ABC Open Drum had a callout earlier this year for pieces written by people living with disability. Here is mine
When illness finally forced me to stop working I felt like my life had stopped with it and I would never be a complete and useful person again. I felt I was a failure, like I hadn’t tried hard enough and had let everyone down – let myself down. I didn’t know who I was anymore or what my purpose was.
My health has never been great, I was sick on and off from a young age with chronic sinusitis, bronchitis, asthma and migraines – but the word ‘disabled’ wasn’t one that I considered when describing myself and it was never suggested. I was just sick a lot, or tired, or in pain.
There were lots of tests and things but nothing concrete was found until endometriosis in my teens and the fact that my joints were hyper mobile. With everything else the pain or sickness always went away eventually, so I pushed through.
It turns out that there’s only so far you can push on with your head down, ignoring the world, before you run into something. For me that something was Dysautonomia. The something I couldn’t ignore, the something I couldn’t push through anymore.
Dysautonomia is an invisible disability, meaning there are often no clear, visible signs of disability. Dysautonomia is an umbrella term for a group of conditions that involve dysfunction of the autonomic nervous system (the system that regulates the things you don’t have to think about like blood pressure, heart rate, digestion etc) and can involve fun things like postural blood pressure drops and fainting, which obviously isn’t so compatible with working as a nurse!
The Dysautonomia diagnosis led to other diagnoses of Common Variable Immunodeficiency and Ehlers Danlos Syndrome (a genetic, connective tissue disorder). They explained a lot about my medical history and eventual wall hitting.
This year I face letting my nursing registration go because I don’t satisfy the registration criteria for the first time since getting sick. I keep switching between being ok with this and being completely devastated. It symbolises the loss of a future I thought I had. Despite that, over the years I have increasingly found that it doesn’t define me as a person. It is a part of me and always will be but it is not all I am and all I have to offer and losing it does not equal losing myself or failing in any way.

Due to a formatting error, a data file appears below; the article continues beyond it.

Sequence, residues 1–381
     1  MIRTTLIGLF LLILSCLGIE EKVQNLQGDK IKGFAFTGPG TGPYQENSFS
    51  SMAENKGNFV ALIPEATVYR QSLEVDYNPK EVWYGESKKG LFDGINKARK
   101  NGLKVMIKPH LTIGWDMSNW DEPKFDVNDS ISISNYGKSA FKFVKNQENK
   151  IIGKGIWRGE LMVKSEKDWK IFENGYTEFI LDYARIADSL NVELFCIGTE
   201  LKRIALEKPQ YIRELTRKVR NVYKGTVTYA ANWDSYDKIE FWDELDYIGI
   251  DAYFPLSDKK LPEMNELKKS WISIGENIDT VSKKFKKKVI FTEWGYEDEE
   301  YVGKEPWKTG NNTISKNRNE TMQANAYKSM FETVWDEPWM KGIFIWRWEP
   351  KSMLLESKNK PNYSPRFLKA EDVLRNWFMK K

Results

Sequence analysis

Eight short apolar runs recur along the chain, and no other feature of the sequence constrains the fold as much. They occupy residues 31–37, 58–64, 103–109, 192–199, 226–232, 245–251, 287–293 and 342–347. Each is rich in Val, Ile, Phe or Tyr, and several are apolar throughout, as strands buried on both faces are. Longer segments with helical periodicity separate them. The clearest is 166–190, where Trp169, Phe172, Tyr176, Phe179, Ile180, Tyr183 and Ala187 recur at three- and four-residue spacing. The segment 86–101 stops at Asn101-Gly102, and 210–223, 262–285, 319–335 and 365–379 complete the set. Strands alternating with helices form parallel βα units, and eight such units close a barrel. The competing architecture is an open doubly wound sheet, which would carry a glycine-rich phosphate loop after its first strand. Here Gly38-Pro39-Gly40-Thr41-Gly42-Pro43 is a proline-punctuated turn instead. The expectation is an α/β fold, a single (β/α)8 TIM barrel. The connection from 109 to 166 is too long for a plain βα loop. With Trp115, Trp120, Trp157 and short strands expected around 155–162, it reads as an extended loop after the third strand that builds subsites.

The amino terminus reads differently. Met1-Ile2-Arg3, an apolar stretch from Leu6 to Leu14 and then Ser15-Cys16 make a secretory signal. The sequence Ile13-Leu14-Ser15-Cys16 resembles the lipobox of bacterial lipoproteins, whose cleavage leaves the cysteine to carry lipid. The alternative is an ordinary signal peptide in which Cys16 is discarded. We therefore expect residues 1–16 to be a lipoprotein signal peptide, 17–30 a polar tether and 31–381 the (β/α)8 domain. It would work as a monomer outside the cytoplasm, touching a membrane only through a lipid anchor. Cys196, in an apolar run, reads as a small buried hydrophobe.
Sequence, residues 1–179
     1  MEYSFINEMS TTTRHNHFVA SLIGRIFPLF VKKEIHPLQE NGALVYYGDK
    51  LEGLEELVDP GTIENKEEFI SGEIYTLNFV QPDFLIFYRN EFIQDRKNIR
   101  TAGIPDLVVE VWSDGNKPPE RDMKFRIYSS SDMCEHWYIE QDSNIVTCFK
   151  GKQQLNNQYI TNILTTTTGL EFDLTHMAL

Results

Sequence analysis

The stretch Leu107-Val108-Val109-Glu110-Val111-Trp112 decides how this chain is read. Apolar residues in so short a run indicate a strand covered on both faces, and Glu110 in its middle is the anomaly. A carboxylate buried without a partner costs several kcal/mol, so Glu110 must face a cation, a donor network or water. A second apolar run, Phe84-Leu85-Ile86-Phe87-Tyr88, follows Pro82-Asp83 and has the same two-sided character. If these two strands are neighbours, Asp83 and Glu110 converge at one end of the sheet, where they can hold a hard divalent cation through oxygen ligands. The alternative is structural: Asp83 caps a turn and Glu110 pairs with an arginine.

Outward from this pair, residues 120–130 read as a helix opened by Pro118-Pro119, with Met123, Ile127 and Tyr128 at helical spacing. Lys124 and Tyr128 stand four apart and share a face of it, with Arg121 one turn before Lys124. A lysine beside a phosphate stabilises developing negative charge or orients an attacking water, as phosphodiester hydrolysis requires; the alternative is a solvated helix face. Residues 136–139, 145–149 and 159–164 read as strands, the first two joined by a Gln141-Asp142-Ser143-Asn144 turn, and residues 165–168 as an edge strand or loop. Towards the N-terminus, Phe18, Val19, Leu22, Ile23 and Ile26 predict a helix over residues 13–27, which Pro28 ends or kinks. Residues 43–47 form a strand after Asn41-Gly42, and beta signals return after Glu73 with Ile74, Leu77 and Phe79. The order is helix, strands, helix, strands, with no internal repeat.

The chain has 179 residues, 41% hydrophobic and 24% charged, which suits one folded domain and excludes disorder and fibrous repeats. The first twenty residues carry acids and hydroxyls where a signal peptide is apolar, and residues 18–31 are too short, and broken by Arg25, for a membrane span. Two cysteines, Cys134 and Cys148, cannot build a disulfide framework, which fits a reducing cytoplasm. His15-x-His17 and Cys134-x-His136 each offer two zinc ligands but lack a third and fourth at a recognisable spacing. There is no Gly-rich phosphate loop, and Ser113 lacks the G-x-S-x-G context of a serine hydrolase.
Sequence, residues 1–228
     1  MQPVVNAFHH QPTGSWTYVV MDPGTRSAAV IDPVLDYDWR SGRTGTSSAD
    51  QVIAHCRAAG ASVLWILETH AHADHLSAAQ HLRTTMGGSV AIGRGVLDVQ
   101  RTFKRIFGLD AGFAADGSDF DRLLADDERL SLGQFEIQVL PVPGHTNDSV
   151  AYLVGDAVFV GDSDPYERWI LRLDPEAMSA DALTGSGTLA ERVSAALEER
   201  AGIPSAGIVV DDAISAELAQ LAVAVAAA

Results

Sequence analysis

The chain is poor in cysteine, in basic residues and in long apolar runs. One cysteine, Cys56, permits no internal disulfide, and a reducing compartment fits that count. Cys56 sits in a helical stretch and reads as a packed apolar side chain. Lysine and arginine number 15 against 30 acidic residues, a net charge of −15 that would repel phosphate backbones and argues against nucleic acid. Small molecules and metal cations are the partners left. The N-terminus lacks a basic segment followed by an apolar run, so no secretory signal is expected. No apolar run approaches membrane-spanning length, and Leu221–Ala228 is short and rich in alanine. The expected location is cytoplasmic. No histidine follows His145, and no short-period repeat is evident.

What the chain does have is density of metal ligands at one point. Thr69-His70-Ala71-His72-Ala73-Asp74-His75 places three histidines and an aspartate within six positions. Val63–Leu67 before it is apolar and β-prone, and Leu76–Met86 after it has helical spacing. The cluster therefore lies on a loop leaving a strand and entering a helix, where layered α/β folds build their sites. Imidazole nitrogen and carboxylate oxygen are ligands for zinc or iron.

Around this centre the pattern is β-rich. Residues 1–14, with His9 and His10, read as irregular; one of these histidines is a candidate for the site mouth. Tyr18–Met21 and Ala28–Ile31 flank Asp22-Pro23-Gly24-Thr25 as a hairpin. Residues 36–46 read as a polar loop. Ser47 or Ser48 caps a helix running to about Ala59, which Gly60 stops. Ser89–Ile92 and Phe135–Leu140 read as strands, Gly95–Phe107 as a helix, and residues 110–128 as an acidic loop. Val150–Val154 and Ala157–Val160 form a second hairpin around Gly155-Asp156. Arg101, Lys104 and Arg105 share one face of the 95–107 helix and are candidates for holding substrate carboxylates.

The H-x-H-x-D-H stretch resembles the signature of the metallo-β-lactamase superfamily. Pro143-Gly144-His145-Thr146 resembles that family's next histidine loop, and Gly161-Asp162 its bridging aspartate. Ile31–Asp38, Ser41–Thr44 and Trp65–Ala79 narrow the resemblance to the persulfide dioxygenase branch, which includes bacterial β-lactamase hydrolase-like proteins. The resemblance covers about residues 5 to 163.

There is a measure of grief and loss associated with chronic illness, but there is also achievement, happiness and discovery – sometimes from unexpected places. In the years since I first hit the wall of Dysautonomia I have rediscovered my love of writing, creating things and singing. I am more in touch with who I am as a person and have met some incredible people along the way. All these are things I might not have achieved in my previous life because I didn’t have the time or opportunity. I have taken up workshops and courses to keep busy and discover new things – I have financed them myself because the duration of the courses I am able to attend makes me ineligible for funding despite receiving the DSP.
Through those classes and courses I discovered a love of Millinery and blogging. Millinery is an art form and Milliners are artists. They make wearable magic; jaw-dropping sculptural masterpieces, practical but beautiful everyday pieces and delicate flights of fancy that steal your breath away. Millinery is an art for those in touch with their imagination and Australia is a fantastic place to be studying it. Plus, it and blogging are things I can do at my own pace, in my own time and sitting down!
I don’t know what the future holds for me, I have given up trying to see into it for now. What I do know is this; acknowledging that you have a disability and accepting it as part of your life does not mean giving up or giving in. Having to change your life does not mean failure. We are all so much more than what we do. Life is change, evolution is adaptation; how else do we grow to become something more and realise our potential?